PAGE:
Butte’s uptown no longer jumps 24/7 with the saloons and whorehouses that kept thousands of underground miners from forgetting how underpaid they were. Today underground mining by men has been replaced by open pit mining by machines.
The city’s tremendous boom went bust long ago. And taking all that copper out of the ground under itself for 120 years has left Butte with a hideous and seemingly impossible environmental cleanup job.
Heather Meeks was in Rediscoveries looking for Halloween costumes for her two kids when I went in to look for Steinbeck ghosts.
She isn’t from Butte and she calls herself an old hippie. But since she moved here she has learned a lot about the city’s boom-bust history, its current environmental debacle and its many natural and manmade charms.
She didn’t hide her working-class sentiments when she talked about how the mining company and its executives got filthy rich for decades while the miners just got filthy.
“Butte is a gritty, grimy, hardworking, take-no-prisoners city,” she said.
“Butte is what America claims to be — a true melting pot. English, Cornish, Welsh, Chinese, Eastern Europeans — they all crossed the country to come here to make their fortunes. Three dollars a day were top wages for miners for decades.”
Like other fellow Americans I’ve met from Maine to Minnesota to Montana, Meeks is smart, friendly and quick to reveal her passions and opinions.
I never found out the names of Meeks’ kids or exactly what Meeks did for a living, but I know she’s 44 and was born in Hawaii.
She obviously loves Butte and she says clever things like “Butte used to export copper, now it exports people.” It sounds like she should run for mayor.
Preserving Steinbeck’s Highway
Monday, 18 October 2010 02:35 AM
MOSES LAKE, Wa. — McDonald’s
John Steinbeck didn’t need no stinking GPS to keep him on his “Travels With Charley” path.
Once he picked up US Route 10 in northern Minnesota, all he had to do was follow the 10 signs across Montana, Idaho and Washington to Seattle.
US 10 was almost always the main street of the cities on his route. I-94 and then 1-90 have replaced US 10 from North Dakota to the West Coast.
I haven’t seen a US 10 sign since Fargo because they don’t exist out West anymore.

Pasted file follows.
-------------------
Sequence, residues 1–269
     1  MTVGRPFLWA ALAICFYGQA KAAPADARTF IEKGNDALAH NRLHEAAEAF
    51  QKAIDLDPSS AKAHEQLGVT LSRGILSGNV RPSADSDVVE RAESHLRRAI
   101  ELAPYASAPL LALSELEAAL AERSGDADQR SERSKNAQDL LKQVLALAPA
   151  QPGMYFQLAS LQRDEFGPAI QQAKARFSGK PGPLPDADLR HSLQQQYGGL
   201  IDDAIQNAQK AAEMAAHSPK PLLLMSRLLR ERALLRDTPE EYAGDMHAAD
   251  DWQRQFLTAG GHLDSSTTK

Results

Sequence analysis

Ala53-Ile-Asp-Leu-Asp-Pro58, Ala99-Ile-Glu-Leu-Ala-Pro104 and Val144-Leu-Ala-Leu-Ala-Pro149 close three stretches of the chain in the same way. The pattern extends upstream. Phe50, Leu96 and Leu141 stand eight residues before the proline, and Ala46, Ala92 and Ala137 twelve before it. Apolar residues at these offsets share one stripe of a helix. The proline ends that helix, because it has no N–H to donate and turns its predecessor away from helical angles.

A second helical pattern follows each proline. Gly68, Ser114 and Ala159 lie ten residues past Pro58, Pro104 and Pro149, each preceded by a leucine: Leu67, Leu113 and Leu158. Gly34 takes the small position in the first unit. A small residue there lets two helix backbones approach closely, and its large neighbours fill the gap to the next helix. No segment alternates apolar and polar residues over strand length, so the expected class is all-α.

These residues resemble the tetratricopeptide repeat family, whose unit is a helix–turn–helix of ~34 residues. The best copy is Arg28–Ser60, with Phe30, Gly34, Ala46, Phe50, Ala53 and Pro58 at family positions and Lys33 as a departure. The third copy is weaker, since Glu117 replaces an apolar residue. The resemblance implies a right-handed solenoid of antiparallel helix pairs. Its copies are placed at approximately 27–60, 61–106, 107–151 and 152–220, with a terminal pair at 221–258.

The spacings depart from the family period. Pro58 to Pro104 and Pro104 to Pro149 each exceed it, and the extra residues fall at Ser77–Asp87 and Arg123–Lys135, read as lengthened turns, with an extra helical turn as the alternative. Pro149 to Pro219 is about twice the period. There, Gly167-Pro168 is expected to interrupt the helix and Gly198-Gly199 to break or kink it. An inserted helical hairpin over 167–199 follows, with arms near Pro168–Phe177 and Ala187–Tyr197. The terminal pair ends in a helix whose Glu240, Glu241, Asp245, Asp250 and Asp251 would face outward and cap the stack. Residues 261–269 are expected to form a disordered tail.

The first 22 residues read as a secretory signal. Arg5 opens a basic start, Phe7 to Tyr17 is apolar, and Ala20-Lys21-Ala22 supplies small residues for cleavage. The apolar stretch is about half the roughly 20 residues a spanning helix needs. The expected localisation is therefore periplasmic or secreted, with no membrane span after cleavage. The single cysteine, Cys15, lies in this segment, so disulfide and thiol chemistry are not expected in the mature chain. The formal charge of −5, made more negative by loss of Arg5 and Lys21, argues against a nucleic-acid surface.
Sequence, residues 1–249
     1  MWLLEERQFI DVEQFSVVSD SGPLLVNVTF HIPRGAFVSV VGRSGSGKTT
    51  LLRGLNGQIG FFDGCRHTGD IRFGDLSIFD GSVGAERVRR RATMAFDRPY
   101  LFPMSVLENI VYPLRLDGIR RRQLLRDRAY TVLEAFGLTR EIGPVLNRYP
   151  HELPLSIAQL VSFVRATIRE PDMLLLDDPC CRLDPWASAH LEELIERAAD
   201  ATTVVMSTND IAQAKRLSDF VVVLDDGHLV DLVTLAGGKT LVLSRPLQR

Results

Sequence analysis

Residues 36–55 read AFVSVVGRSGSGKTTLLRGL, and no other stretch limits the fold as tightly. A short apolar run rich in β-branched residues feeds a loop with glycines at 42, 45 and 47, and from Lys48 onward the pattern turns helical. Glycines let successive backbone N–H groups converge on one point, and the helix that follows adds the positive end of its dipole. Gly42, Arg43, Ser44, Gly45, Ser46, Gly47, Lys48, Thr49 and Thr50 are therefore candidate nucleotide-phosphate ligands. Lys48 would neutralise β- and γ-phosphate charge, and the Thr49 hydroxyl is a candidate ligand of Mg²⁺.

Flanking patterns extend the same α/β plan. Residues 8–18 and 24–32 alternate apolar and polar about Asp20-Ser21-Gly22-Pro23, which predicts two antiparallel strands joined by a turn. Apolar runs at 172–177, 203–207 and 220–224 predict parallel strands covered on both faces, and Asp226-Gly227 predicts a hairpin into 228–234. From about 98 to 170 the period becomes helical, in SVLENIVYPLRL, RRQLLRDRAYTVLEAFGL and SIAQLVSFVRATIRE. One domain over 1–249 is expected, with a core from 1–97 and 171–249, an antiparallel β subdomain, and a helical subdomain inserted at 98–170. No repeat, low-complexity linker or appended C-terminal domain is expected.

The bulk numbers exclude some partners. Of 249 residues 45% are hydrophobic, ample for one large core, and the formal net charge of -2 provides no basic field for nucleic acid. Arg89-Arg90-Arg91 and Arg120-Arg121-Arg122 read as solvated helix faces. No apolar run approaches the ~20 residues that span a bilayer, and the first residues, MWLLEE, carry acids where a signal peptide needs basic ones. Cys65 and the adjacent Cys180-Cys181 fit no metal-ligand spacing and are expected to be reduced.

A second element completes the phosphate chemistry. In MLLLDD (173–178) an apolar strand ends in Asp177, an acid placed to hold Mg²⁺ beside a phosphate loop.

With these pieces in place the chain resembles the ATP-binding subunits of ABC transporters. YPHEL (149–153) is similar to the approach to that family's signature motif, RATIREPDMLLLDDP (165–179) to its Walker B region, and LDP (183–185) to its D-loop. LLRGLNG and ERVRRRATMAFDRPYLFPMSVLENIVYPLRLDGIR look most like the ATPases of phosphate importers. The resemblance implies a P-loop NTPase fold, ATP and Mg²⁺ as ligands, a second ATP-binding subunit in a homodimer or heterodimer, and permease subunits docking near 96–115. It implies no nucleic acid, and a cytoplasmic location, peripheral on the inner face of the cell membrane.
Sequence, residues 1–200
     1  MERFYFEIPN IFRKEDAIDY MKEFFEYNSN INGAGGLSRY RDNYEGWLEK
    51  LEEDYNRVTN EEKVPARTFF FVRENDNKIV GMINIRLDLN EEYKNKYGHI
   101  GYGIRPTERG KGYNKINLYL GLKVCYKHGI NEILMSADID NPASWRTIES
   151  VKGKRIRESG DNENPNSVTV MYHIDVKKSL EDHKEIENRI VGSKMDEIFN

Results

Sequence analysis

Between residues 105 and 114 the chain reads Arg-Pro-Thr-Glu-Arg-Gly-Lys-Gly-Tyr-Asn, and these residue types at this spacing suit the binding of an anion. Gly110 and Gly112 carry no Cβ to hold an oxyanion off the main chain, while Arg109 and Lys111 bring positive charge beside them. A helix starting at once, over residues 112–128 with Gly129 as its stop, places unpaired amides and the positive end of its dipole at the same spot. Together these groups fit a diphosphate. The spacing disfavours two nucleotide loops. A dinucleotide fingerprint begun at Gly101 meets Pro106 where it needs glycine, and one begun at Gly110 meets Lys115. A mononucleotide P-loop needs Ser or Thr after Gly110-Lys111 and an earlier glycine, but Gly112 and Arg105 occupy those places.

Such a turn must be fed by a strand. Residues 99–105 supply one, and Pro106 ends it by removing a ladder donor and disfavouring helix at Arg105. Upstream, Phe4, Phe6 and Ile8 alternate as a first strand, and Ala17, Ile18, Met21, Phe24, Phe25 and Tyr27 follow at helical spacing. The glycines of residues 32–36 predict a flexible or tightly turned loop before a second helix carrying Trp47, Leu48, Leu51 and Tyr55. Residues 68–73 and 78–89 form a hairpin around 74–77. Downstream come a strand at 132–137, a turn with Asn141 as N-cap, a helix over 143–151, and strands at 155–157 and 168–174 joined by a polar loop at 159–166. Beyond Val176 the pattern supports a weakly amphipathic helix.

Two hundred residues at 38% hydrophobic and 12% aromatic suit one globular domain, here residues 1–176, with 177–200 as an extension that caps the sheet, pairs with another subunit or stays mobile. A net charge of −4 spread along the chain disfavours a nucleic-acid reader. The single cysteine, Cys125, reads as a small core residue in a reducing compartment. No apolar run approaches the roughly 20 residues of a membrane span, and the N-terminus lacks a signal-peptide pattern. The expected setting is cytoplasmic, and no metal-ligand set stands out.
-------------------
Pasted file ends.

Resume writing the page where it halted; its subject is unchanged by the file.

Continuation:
But there are still many stretches of old US 10 pavement running parallel with the four-lane interstates.
Yesterday I checked out the one off I-90 at the Saltese exit in northwest Montana. It’s hardly a mile long.
It dead-ends at each end and contains about 20 buildings, but it’s like a 1960 time warp.
Mangold’s General Store & Motel is a new name Steinbeck wouldn’t recognize. But the grocery store, the six pine-paneled motel rooms and the big “M-o-t-e-l” sign were all there when he and Charley motored by on Saturday morning, Oct. 15, 1960, after camping Friday night on private land about 50 miles to the east.
So were the decommissioned state highway maintenance shed, most of the homes and the building housing the Old Montana Bar & Grill.
When the interstate was poured on top of US 10’s right-of-way in the early 1960s, Saltese’s main street — US 10 — was frozen in time and the community of about 60 permanent residents got its own exit.
Terri Mangold sure is glad Saltese’s main street was spared. She’s run the Mangold grocery store and motel since 1995. Her rooms are usually full year round, thanks to hunters, fishermen and snowmobilers who stay for a week at a time. Mangold’s rates are absurdly reasonable — $30 and up.
At the other end of the Saltese remnant of US 10 is the Old Montana.
Part slots casino, part restaurant, part bar, part gallery of local historical photos, it’s got dead animals on the menu and hanging all over its walls. Bryan Teeters, 48, owns the Old Montana.
He’s also responsible for a lot of the elk heads, bear skins and the stuffed mountain lion above the pool table. Except for the moose, the animals were locally grown — and shot.
Teeters, who lives across the street, used a bow to bag his trophies. He tracked the mountain lion in the snow and when it climbed a tree, it was all over for the big cat.
Teeters came to Montana from California with his parents when he was 12 and he’s basically grown up to become a modern Jim Bridger with a snowmobile. He hunts and fishes “out back” — the deep forests and steep mountains looming over Saltese.
The wilds of Montana are paradise for him and his restaurant is full nearly every night.
But Teeters is miffed that Montana’s he-man government is turning soft — and hurting him in the pocketbook. The state has banned smoking in all public buildings. That’s hurt his casino business.
And wolves are being reintroduced by wildlife experts.